How do you tell the difference between wedding jitters and that internal niggling that you should not go through with the wedding? Can you pinpoint specific concerns about the person or behavior of your soon-to-be spouse?
Scenario: She has shared with you that her last boyfriend cheated on her and she has trust issues. She has accused you a few times of being interested in someone else while seeing her. You aren’t and you have assured her several times that you only have eyes for her. Yet you find her snooping through the text messages on your phone – again. Do you think a marriage license will make her trust issues disappear?
Scenario: He’s gotten a little pushy with you a few times in the past – but only after he’s been drinking. He apologized afterwards and there hasn’t been such an episode in months. You see him having a drink. You immediately tense up and think to yourself: I hope he doesn’t overdo it. Your concerns are not wedding jitters.
Concerns about any of the following are more than ‘wedding jitters’ and should not be ignored:
Emotionally unhealthy people cannot create a healthy marriage.
Fill in the blank in this statement: When I’m with my mate, I get very concerned and hold my breath whenever ___________________.
If you were able to fill in that blank, you have some thinking to do. The quicker the answer came to you, the stronger the indication that you should be questioning the wisdom of getting married at this point. If your love could not change the behavior you are concerned about, marriage won’t either.
Too many of us ignore the red flags that wave boldly – warning us against marrying this person at this time – as the wedding nears. Embarrassment tied to cancelling so close to the event (what will people think?) or concern about angering loved ones who have spent money for the wedding (or have their own expectations) clog our thinking. Such fleeting emotions should not have more weight than doing what is best for your entire future.
Cancelling a wedding that is days away and dealing with the repercussions from doing so is hard. But not nearly as hard as living with the long-term repercussions of marrying someone that you should not have married.
Two things very important to me (that I love talking about) are keeping marriage fresh and writing. Before I talk to you briefly about my writing, first up is a casual interview Stephanie Clinton did with me for her vlog at Hugs, Kisses and Friends Chat Show about how not to get divorced. (If you hurry up and turn it on, I’ll stop squinting at you with that weird look on my face!)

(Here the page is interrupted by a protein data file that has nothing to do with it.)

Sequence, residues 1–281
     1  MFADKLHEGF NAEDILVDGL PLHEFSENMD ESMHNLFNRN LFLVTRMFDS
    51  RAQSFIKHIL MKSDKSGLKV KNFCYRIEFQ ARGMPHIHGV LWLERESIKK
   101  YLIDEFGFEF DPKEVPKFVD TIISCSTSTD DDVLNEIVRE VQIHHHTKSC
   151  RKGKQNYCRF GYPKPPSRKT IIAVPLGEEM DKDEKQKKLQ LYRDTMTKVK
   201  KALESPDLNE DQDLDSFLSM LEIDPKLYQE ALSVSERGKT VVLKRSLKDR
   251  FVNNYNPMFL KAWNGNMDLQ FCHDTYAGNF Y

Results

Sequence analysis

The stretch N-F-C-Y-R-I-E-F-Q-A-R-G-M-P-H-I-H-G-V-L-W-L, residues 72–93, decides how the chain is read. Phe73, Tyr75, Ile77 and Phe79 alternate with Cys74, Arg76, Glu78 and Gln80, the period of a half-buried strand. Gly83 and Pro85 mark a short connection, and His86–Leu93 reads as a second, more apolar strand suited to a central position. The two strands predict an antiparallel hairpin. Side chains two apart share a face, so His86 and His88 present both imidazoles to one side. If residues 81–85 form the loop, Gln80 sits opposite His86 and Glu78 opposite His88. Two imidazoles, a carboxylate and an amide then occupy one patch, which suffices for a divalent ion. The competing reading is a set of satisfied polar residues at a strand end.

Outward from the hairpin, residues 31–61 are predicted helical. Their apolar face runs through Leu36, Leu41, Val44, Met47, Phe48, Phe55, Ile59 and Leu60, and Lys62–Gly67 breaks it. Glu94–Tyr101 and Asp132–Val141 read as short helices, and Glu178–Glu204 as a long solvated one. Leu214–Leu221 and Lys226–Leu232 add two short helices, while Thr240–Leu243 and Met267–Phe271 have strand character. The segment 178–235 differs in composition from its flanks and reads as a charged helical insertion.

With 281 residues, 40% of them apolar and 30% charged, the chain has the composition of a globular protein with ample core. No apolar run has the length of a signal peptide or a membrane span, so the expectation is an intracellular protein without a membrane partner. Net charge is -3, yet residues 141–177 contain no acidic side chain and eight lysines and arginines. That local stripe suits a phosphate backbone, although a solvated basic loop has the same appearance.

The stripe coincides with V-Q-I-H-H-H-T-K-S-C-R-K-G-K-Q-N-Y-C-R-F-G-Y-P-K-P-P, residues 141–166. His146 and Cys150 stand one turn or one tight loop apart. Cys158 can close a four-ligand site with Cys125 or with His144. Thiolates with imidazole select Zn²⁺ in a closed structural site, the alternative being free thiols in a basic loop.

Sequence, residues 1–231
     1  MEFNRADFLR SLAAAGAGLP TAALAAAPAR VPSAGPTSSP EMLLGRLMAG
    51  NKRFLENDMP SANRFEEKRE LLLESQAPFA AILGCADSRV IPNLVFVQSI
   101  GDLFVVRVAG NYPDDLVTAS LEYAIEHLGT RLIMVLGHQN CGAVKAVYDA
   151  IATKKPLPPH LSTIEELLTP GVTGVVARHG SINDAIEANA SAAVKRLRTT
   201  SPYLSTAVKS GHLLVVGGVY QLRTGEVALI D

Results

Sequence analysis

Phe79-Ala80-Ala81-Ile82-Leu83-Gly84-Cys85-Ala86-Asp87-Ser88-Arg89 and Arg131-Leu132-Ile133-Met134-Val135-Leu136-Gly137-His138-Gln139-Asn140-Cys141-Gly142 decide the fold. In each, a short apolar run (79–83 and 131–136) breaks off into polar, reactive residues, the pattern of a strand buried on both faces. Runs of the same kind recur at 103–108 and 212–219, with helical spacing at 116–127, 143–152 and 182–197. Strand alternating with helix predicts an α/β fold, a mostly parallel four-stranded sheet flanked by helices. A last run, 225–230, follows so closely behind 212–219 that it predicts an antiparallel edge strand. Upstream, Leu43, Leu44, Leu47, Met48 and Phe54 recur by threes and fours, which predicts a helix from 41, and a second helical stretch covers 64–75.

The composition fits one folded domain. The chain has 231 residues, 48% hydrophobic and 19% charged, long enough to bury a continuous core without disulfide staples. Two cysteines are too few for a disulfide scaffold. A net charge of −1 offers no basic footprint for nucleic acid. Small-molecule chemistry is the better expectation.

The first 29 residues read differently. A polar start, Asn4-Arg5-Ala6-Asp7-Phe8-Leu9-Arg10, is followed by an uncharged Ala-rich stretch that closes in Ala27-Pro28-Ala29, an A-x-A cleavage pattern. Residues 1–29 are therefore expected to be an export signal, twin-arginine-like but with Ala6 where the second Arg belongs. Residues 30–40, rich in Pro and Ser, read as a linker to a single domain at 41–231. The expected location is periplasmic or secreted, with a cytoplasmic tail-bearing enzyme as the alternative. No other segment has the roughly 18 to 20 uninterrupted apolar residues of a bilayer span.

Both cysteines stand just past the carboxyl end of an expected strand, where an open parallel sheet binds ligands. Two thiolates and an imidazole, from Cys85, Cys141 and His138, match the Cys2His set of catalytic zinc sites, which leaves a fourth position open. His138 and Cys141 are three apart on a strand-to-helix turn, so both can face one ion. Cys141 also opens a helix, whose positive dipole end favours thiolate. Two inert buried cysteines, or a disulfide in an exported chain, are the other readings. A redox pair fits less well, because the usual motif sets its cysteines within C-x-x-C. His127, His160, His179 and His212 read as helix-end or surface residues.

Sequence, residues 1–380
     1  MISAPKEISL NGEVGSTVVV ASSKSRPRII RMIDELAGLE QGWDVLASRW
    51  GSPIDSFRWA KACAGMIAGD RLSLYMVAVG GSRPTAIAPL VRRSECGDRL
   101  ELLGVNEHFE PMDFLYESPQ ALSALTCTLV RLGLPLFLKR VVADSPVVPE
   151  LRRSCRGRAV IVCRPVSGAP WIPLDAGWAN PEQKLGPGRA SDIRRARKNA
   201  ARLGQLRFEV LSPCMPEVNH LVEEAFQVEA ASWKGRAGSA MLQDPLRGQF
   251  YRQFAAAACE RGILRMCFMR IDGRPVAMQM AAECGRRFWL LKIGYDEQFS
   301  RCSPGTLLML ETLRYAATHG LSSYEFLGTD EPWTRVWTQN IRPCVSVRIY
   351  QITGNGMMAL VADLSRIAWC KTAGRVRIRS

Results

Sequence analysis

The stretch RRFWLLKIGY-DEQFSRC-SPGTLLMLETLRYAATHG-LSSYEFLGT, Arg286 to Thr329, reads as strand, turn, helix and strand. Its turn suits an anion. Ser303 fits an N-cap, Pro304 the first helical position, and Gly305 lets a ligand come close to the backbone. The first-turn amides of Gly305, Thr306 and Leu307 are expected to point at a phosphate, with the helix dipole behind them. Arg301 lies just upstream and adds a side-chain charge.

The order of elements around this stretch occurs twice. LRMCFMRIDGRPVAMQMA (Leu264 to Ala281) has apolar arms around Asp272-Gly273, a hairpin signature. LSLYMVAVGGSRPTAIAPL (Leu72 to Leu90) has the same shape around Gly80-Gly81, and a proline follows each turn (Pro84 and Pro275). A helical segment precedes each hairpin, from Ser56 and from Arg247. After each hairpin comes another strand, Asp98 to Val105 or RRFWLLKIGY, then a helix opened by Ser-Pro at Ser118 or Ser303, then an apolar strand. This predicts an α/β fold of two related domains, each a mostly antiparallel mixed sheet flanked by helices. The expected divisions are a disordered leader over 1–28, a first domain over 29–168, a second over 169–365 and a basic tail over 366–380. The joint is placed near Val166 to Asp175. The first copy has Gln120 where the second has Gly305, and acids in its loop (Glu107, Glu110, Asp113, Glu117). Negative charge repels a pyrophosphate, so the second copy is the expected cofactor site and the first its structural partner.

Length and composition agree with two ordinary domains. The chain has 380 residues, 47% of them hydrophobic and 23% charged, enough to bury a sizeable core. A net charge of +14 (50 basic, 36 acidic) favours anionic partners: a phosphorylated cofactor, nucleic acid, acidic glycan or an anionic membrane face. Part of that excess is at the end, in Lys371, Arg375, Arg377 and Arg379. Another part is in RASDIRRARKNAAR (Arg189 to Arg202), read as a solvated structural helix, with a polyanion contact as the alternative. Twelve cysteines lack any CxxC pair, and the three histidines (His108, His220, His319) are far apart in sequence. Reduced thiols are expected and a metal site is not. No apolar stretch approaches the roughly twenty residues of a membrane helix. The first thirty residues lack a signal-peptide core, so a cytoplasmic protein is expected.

Now about the writing. Last week I was asked to participate in a “blog hop” by Dr. Lisa Marotta, (The Feelings Doctor) a renowned psychologist who works extensively with children. She also happens to be a writing buddy! She sent me four questions regarding the writing process and encouraged me to “tag” another blogger for you to visit next week who will answer the same four questions. Here we go:
What are you working on?
Two things. A non-fiction project that came about as a result of the blog. It’s still in formation and I can’t talk much more about it at this point. And historical fiction – something I swore I’d never do because (to me) it’s such a daunting process. But the story is demanding to be written. And who am I to argue with my inner story? It takes place in the early 1900s in New England and involves Portuguese immigrants, textile mills, labor unions, murder, and empowerment. The research is overwhelming at times, but I’m learning a lot on the way.
How does your work differ from others in its genre?
The fiction work will hopefully stand out because of the unique combination of content as well the distinct voice in my writing style. The non-fiction differs because of the source. Most writing on marital issues is coming from a religious perspective or a psychological perspective – both offer a plethora of good, helpful information. My perspective comes from a couple of decades of seeing first-hand why people are getting divorced, what happens to them during the process, and how it affects the children. I have seen first-hand the commonalities in the process regardless of gender, age, ethnicity, and religious persuasion. My message of doing things differently in an attempt to get different results is based on addressing those commonalities.
Why do you write what you do?
I’m rather obsessed with the notion that many people who care deeply about each other get divorced because it’s less painful than staying together – my mission is to offer ideas for plugging into each other before it gets to that point. Much of what I write is basically reminders to use common sense – to go back to things that worked in the relationship. Kind of like having to stop and think a second about how to tie a shoe after years of wearing slip-ons and having velcro fasteners. I’m always on the lookout for good ideas and ways for couples to connect and reconnect with each other.
How does your writing process work?